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Asymmetric Interest Rate Effects for the UK Real Economy

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  • M Sensier
  • D R Osborn
  • N Öcal

Abstract

Recent literature has uncovered asymmetries in the response of real output to monetary policy variables. Nevertheless, it remains unclear whether such asymmetries relate to different responses to monetary policy or to the business cycle. This paper uses nonlinear models to examine the issues in the context of interest rate effects on quarterly UK GDP growth. Strong evidence of nonlinearity is found, with asymmetry relating to the business cycle through lagged GDP regimes and interest rate changes. The results suggest that interest rate effects on GDP are larger when either lagged growth has been high or when interest rates have substantially increased in the past. However, the inclusion of interest rate regimes without taking account of GDP regimes yields an unsatisfactory model.

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File URL: http://www.socialsciences.manchester.ac.uk/medialibrary/cgbcr/discussionpapers/dpcgbcr10.pdf
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Bibliographic Info

Paper provided by Economics, The Univeristy of Manchester in its series Centre for Growth and Business Cycle Research Discussion Paper Series with number 10.

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Length: 34 pages
Date of creation: 2002
Date of revision:
Handle: RePEc:man:cgbcrp:10

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Web page: http://www.socialsciences.manchester.ac.uk/subjects/economics/our-research/centre-for-growth-and-business-cycle-research/
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Related research

Keywords: monetary policy; business cycle asymmetries; smooth transition models; forecasting;

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  1. René Garcia & Huntley Schaller, 1995. "Are the Effects of Monetary Policy Asymmetric?," CIRANO Working Papers 95s-06, CIRANO.
  2. Choi, Woon Gyu, 1999. "Asymmetric Monetary Effects on Interest Rates across Monetary Policy Stances," Journal of Money, Credit and Banking, Blackwell Publishing, vol. 31(3), pages 386-416, August.
  3. J. Bradford DeLong & Lawrence H. Summers, 1988. "How Does Macroeconomic Policy Affect Output?," Brookings Papers on Economic Activity, Economic Studies Program, The Brookings Institution, vol. 19(2), pages 433-494.
  4. C R Birchenhall & D R Osborn & M Sensier, 2000. "Predicting UK Business Cycle Regimes," Centre for Growth and Business Cycle Research Discussion Paper Series 02, Economics, The Univeristy of Manchester.
  5. Van Dijk, Dick & Franses, Philip Hans & Lucas, Andre, 1999. "Testing for Smooth Transition Nonlinearity in the Presence of Outliers," Journal of Business & Economic Statistics, American Statistical Association, vol. 17(2), pages 217-35, April.
  6. Terasvirta, T & Anderson, H M, 1992. "Characterizing Nonlinearities in Business Cycles Using Smooth Transition Autoregressive Models," Journal of Applied Econometrics, John Wiley & Sons, Ltd., vol. 7(S), pages S119-36, Suppl. De.
  7. Eitrheim, Øyvind & Teräsvirta, Timo, 1995. "Testing the Adequacy of Smooth Transition Autoregressive Models," Working Paper Series in Economics and Finance 56, Stockholm School of Economics.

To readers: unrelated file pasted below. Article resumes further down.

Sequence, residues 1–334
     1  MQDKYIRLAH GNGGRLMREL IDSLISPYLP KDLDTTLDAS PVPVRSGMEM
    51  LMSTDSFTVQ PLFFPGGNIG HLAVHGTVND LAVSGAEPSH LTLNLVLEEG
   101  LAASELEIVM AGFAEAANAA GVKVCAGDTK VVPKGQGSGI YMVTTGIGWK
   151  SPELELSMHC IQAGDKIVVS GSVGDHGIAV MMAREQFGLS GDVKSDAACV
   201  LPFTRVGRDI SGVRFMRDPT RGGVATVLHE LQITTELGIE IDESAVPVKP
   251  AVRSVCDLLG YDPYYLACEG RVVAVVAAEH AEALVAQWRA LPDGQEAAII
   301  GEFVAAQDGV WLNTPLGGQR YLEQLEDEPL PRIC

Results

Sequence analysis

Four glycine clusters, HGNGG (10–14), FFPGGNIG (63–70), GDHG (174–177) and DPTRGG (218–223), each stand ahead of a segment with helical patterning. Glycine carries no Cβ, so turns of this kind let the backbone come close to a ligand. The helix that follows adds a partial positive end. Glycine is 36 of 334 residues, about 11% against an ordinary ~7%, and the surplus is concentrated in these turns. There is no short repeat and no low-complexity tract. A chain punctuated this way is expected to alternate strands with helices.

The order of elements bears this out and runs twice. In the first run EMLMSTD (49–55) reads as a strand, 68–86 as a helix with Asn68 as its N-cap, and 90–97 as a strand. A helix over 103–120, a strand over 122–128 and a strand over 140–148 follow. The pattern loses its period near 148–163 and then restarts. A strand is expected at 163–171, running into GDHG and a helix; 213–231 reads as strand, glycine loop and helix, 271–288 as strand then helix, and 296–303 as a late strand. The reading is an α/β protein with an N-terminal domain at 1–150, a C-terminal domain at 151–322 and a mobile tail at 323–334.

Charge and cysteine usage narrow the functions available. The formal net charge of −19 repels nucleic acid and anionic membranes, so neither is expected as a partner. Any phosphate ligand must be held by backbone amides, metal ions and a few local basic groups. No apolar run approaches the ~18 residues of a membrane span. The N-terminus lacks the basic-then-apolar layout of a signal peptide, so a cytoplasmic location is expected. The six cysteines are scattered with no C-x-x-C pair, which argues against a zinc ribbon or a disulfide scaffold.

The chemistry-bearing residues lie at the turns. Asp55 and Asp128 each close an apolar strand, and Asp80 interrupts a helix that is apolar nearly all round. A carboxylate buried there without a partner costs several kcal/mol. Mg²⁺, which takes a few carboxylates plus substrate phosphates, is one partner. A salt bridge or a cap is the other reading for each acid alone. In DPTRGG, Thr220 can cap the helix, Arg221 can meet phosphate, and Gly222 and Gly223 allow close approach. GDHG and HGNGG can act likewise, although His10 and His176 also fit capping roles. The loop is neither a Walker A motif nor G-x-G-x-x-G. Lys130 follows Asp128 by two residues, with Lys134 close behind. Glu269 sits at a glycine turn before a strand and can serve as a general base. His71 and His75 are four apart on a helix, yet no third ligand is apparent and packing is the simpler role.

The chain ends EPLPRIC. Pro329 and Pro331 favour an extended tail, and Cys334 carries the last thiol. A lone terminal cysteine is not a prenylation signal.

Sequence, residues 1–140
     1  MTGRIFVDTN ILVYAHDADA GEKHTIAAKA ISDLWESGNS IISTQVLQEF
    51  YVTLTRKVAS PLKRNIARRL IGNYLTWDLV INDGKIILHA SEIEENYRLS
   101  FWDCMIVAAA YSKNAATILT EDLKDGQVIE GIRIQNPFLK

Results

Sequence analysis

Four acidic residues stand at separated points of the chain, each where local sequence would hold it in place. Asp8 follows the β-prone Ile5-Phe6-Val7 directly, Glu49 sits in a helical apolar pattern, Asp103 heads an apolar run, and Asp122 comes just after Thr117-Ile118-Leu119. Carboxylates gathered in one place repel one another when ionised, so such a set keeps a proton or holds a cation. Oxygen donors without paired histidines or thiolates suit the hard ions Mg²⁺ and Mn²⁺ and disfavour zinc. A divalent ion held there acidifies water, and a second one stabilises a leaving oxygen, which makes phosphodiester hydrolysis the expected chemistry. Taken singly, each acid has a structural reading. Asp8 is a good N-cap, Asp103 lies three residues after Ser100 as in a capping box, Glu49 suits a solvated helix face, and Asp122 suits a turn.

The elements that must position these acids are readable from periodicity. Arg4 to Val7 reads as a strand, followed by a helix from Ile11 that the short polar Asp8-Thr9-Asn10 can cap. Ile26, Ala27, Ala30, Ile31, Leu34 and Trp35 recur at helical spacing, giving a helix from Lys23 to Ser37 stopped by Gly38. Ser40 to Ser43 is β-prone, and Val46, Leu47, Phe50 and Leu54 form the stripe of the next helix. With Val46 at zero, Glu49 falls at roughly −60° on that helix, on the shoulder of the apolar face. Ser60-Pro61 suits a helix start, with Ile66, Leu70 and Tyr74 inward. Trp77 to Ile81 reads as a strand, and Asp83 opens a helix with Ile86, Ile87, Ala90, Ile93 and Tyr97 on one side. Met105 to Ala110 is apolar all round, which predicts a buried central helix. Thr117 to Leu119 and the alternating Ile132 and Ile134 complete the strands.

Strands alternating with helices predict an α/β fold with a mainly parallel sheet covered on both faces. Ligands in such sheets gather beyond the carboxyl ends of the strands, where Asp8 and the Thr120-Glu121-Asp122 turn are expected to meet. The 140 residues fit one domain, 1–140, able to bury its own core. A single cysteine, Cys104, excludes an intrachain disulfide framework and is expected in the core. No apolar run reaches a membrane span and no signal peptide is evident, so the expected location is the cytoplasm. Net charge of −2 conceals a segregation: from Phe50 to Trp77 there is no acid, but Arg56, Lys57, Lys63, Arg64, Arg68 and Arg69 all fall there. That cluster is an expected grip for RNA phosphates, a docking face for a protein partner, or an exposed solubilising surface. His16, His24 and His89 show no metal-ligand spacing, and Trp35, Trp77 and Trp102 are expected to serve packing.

8. Weise, Charles L, 1999. "The Asymmetric Effects of Monetary Policy: A Nonlinear Vector Autoregression Approach," Journal of Money, Credit and Banking, Blackwell Publishing, vol. 31(1), pages 85-108, February.
  9. Thoma, Mark A., 1994. "Subsample instability and asymmetries in money-income causality," Journal of Econometrics, Elsevier, vol. 64(1-2), pages 279-306.
  10. Arturo Estrella & Frederic S. Mishkin, 1995. "Predicting U.S. Recessions: Financial Variables as Leading Indicators," NBER Working Papers 5379, National Bureau of Economic Research, Inc.
  11. repec:fth:harver:1418 is not listed on IDEAS
  12. Anderson, H.M. & Vahid, F., 2000. "Predicting the Probability of a Recession with Nonlinear Autoregressive Leading Indicator Models," Monash Econometrics and Business Statistics Working Papers 3/00, Monash University, Department of Econometrics and Business Statistics.
  13. Sims, Christopher A., 1992. "Interpreting the macroeconomic time series facts : The effects of monetary policy," European Economic Review, Elsevier, vol. 36(5), pages 975-1000, June.
  14. H. D. Vinod, 2000. "Review of GAUSS for Windows, including its numerical accuracy," Journal of Applied Econometrics, John Wiley & Sons, Ltd., vol. 15(2), pages 211-220.
  15. Nadir Ocal & Denise R. Osborn, 2000. "Business cycle non-linearities in UK consumption and production," Journal of Applied Econometrics, John Wiley & Sons, Ltd., vol. 15(1), pages 27-43.
  16. Karras, Georgios, 1996. "Are the Output Effects of Monetary Policy Asymmetric? Evidence from a Sample of European Countries," Oxford Bulletin of Economics and Statistics, Department of Economics, University of Oxford, vol. 58(2), pages 267-78, May.
  17. Kapetanios, G., 1999. "Threshold Models for Trended Time Series," Cambridge Working Papers in Economics 9905, Faculty of Economics, University of Cambridge.
  18. van Dijk, Dick & Franses, Philip Hans & Paap, Richard, 2002. "A nonlinear long memory model, with an application to US unemployment," Journal of Econometrics, Elsevier, vol. 110(2), pages 135-165, October.
  19. Cover, James Peery, 1992. "Asymmetric Effects of Positive and Negative Money-Supply Shocks," The Quarterly Journal of Economics, MIT Press, vol. 107(4), pages 1261-82, November.
  20. Koop, Gary & Pesaran, M. Hashem & Potter, Simon M., 1996. "Impulse response analysis in nonlinear multivariate models," Journal of Econometrics, Elsevier, vol. 74(1), pages 119-147, September.
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